Hospitals offered suggestions for steps the government can take to address existing shortages and a few vague strategies “to encourage more people to enter the health care workforce”: innovative programs between schools and hospitals, initiatives for better education and training, and financial support (e.g., education grants and loan forgiveness). In time, once the pandemic has receded far enough into the past, maybe those will help. Let’s hope something does.
This week on Health Care Rounds, John talks with Dr. Daniel Durand, the chief innovation officer at LifeBridge Health. Dr. Durand shares his views on how attitudes toward value-based care have fluctuated and how we now have a health care system that, as a whole, is less than the sum of its parts. He and John discuss what needs to change in order to transform the delivery of care, and Dr. Durand explains how technology could better align payers and providers, which would improve access to care, eliminate duplicative efforts and reduce spending. Watch the interview here or download wherever you get your podcasts.
What else you need to know
AstraZeneca’s COVID-19 vaccine demonstrated 76% efficacy against symptomatic COVID-19 and 100% efficacy against severe or critical disease and hospitalization, according to high-level results from the primary analysis of a Phase III U.S. trial with 32,449 participants, the drugmaker said in a press release last Thursday. In study participants ages 65 and older, the vaccine showed 85% efficacy against symptomatic COVID-19. Earlier in the week, the company issued a press statement saying the vaccine demonstrated 79% efficacy at preventing symptomatic COVID-19 according to an interim safety and efficacy analysis. The next day, the trial’s independent data safety and monitoring board issued a letter calling into question whether AstraZeneca had used the most recent and most complete data in providing those results. The company issued the updated results from the primary analysis two days later and said those results would be the basis for its regulatory submission requesting emergency use authorization by the FDA “in the coming weeks.”
Cleveland Clinic, Eli Lilly, and Anthem established a concierge heart surgery program that gives Lilly employees access to complex cardiac surgery at the Cleveland Clinic Heart, Vascular & Thoracic Institute. The program launched on Jan. 1 and is part of Cleveland Clinic’s Center of Excellence for cardiac surgery, the health system stated in a news release last week. After meeting their health plan deductible, Lilly employees and eligible retirees will pay nothing toward the cost of their surgery, and Lilly will pay 100% of the travel and accommodation costs for eligible plan members and a companion. A care coordinator will be the single point of contact from pre-surgical appointments through recovery at home, Cleveland Clinic noted.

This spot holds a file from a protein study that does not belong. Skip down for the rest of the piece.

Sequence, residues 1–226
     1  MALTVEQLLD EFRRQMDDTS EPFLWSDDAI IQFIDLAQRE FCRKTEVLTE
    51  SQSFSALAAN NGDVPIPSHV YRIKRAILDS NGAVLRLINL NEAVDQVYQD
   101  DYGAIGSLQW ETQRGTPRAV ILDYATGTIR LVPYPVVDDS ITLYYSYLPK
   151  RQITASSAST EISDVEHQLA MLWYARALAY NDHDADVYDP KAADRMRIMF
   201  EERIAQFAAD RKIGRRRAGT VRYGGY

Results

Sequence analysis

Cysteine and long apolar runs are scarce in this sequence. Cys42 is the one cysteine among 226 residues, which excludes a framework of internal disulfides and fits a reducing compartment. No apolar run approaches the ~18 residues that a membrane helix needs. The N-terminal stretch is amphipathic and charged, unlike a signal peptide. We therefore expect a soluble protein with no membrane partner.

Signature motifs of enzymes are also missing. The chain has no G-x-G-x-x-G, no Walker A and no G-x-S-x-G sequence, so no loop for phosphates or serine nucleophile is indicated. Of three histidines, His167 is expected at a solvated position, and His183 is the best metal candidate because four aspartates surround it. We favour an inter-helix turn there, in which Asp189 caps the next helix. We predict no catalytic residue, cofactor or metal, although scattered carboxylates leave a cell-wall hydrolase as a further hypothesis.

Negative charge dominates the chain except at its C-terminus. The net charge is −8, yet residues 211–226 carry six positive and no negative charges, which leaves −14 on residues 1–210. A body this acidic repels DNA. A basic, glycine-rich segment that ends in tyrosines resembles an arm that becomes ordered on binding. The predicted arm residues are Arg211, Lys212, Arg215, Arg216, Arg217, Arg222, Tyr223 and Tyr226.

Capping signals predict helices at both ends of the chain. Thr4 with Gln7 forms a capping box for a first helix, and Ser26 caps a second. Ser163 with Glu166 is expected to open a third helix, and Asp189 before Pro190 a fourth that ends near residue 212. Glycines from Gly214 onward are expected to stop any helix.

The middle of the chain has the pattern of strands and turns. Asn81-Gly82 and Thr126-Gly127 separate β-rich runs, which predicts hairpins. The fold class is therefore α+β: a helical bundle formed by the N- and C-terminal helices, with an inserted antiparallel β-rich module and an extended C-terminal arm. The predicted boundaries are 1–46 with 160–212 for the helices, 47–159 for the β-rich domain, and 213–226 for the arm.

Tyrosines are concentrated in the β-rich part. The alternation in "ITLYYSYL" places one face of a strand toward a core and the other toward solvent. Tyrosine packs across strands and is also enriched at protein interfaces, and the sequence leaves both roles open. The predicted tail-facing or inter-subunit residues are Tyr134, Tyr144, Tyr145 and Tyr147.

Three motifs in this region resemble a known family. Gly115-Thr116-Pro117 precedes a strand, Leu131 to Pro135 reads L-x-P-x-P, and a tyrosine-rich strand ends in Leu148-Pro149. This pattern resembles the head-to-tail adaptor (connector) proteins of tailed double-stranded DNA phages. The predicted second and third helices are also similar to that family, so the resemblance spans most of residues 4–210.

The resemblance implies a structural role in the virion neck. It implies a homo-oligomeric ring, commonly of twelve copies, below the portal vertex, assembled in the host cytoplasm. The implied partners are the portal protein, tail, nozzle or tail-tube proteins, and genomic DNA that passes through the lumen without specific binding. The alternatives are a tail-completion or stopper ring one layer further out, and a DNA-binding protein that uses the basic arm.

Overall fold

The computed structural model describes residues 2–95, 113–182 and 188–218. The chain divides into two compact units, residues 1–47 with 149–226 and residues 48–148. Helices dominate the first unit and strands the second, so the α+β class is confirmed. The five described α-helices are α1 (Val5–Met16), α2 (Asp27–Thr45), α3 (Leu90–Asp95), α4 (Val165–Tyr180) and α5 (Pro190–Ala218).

In separate news, Anthem agreed to acquire myNEXUS, a home health benefits manager that provides payers with automation services for home visit authorization. MyNEXUS provides clinical support services for approximately 1.7 million Medicare Advantage members in 20 states, Anthem said in a press release announcing the acquisition. The two entities have worked together since 2017, Home Health Care News reported, noting that myNEXUS currently manages approximately 830,000 of the insurer’s MA and group retiree members. Anthem anticipates completing the acquisition, which is subject to customary closing conditions, in the second quarter. Financial terms were not disclosed.
Uber is partnering with ScriptDrop to expand its prescription drug delivery service and will be the default delivery service for select pharmacies that have signed up with ScriptDrop in 37 states, expanding to others “in the coming weeks and months,” according to a news release. ScriptDrop works with pharmacies in some of the country’s top grocery chains, including Albertsons, Jewel-Osco, Safeway, and Vons, as well as pharmacy chains and health systems, Uber noted in the release.
Pfizer initiated a Phase I study of a new oral antiviral COVID-19 drug. The treatment is the first orally administered coronavirus-specific investigational protease inhibitor to be evaluated in clinical studies, Pfizer said in a press release. It is being assessed in a single- and multiple-dose escalation study in healthy adults. The company is also evaluating an intravenously administered investigational protease inhibitor in a Phase Ib multi-dose study in hospitalized patients with COVID-19.
Summit Medical Group and City MD have rebranded as Summit Health. The two organizations merged in 2019, bringing together one of New Jersey’s largest medical groups and the leading urgent care provider in the New York City metropolitan area. CityMD will continue to operate under its existing brand name with the addition of “an endorsement line” identifying it as a Summit Health company, according to a press statement. Collectively, the physician-led network has more than 1,600 providers and over 200 locations in New Jersey and New York, as well as 130-plus providers and six locations in central Oregon.
Health systems revamp their approach to retail clinics. Modern Healthcare 3.22.21 (subscription required)
Public Benefit Corporations: A Third Option For Health Care Delivery? Health Affairs, 3.23.21
On the Shoulders of Giants — From Jenner’s Cowpox to mRNA Covid Vaccines. NEJM, 3.25.21
Think Again: The Power of Knowing What You Don’t Know, by Adam Grant.